The Real Taste of Jamaica

I bought Enid Donaldson's at the Norman Manley Airport in Kingston, Jamaica as I was heading home from a brief weekend trip. I had sampled most of the classic Jamaican dishes (and a range of Jamaican rums) so I was eager to try my hand at them when I got home.

Donaldson's book is excellent in many ways, but it has a few flaws that I can address here. To start with the strengths of the book: It is well and engagingly written, and filled with very good photos. It has a good section on ingredients with descriptions, illustrations, and tips. The recipes cover all the bases, from appetizers to desserts and drinks.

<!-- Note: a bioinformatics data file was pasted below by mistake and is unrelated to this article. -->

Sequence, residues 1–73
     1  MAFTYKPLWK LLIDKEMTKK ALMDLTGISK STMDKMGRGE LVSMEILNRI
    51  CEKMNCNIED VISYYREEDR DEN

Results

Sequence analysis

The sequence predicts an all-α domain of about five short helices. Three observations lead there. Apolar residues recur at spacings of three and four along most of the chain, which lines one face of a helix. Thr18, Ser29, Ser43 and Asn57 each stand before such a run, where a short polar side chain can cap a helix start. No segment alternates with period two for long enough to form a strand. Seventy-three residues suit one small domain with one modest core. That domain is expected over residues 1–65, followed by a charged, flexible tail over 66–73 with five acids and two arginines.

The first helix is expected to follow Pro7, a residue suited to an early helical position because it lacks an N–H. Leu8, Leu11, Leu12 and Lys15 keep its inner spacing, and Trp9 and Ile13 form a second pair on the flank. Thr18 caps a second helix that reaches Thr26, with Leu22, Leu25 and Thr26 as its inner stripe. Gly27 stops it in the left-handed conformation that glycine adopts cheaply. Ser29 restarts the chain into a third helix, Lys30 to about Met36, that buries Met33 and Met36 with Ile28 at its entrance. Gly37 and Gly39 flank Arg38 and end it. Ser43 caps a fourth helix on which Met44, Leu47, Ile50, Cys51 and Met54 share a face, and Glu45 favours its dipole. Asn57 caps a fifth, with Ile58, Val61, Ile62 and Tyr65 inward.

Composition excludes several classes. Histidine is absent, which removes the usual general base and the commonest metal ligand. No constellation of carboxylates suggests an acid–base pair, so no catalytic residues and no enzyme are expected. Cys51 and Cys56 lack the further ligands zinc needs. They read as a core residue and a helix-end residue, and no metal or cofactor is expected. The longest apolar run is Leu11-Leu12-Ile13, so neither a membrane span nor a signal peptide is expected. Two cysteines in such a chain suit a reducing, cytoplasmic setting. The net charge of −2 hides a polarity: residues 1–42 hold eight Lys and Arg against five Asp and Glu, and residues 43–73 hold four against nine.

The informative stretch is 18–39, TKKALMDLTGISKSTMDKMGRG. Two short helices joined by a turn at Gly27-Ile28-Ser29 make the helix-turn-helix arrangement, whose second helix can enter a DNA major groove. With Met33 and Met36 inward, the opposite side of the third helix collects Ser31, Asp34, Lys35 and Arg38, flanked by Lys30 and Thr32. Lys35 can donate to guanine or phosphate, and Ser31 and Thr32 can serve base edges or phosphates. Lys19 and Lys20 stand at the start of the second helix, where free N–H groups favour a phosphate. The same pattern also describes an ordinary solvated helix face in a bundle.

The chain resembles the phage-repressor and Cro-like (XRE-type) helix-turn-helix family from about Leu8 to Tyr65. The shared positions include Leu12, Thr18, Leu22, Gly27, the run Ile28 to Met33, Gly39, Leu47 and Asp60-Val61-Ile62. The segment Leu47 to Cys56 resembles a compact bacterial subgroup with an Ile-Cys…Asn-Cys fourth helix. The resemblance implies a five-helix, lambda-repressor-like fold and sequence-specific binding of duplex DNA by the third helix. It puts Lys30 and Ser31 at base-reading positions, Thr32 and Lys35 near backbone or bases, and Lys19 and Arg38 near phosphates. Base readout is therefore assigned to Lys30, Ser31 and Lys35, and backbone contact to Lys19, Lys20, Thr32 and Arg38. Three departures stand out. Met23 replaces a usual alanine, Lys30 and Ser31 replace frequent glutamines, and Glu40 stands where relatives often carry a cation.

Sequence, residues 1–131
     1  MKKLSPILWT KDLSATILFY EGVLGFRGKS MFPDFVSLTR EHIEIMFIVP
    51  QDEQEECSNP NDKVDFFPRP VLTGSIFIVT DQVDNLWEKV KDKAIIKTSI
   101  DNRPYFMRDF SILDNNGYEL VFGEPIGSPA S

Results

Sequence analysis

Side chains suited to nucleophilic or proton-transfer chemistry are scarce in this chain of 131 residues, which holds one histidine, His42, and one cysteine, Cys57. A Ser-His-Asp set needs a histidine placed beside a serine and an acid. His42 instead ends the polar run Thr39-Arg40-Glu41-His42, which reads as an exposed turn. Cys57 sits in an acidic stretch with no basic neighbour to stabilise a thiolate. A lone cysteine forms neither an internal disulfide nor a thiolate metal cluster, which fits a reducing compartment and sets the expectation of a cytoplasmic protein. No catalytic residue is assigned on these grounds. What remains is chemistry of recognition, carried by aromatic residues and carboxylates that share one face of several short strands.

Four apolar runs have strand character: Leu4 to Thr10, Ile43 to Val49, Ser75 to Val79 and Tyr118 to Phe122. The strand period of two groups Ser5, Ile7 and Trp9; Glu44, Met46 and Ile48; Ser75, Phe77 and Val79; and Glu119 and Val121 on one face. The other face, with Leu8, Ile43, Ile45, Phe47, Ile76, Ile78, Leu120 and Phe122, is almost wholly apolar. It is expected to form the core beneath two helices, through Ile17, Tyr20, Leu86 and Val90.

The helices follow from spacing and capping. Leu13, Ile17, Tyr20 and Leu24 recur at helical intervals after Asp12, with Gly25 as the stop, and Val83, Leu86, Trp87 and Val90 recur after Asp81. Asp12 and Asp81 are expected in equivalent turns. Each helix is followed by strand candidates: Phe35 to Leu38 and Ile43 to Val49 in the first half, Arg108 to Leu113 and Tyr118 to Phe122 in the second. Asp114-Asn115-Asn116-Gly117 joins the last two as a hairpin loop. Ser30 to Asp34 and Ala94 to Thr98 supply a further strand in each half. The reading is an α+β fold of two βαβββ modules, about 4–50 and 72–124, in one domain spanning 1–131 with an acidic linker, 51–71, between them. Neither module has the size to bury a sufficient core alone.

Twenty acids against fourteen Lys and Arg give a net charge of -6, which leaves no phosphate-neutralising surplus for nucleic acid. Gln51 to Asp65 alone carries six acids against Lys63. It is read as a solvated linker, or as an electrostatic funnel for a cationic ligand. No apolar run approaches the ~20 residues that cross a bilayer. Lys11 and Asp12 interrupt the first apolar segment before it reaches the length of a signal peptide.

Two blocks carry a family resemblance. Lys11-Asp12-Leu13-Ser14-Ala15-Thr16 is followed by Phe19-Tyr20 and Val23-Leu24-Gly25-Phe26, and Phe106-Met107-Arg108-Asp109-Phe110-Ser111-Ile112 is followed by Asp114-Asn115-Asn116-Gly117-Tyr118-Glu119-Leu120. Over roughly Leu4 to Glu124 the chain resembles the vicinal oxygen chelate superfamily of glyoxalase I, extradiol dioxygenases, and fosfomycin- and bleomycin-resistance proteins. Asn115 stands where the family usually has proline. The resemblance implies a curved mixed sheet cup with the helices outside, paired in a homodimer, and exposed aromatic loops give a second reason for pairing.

The problems are few and most can be remedied with experience and a sharp eye: The photos don't always reflect the dish as the recipe would produce it, so pay attention to the text. In many cases, simple steps are missing, probably assumed; an experienced cook will recognize these and account for them successfully in most cases. The greatest difficulty that I had with preparing the recipes in this book was in finding the ingredients: Donaldson presents the Jamaican names for everything, but the same ingredients are usually sold in the USA in Hispanic markets by their Spanish names. I describe those in a separate post on Jamaican Ingredients.

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